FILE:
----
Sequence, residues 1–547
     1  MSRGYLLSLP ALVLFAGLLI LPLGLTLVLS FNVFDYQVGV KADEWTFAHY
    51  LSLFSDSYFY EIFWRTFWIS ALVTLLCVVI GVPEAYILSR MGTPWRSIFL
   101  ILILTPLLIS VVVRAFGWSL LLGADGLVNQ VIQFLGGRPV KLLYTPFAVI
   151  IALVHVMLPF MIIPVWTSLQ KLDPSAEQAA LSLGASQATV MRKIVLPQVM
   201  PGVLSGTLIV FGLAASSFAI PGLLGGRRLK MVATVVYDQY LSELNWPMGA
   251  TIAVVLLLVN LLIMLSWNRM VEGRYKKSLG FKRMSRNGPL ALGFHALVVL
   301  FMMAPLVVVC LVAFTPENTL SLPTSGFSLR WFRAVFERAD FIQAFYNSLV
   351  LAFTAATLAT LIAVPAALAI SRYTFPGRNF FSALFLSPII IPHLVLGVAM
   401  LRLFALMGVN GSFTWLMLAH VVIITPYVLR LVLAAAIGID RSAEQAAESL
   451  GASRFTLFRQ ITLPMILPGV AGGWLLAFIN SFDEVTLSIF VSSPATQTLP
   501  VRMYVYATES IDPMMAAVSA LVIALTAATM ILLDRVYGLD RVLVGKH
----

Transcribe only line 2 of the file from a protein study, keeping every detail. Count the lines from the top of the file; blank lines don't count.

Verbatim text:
     1  MSRGYLLSLP ALVLFAGLLI LPLGLTLVLS FNVFDYQVGV KADEWTFAHY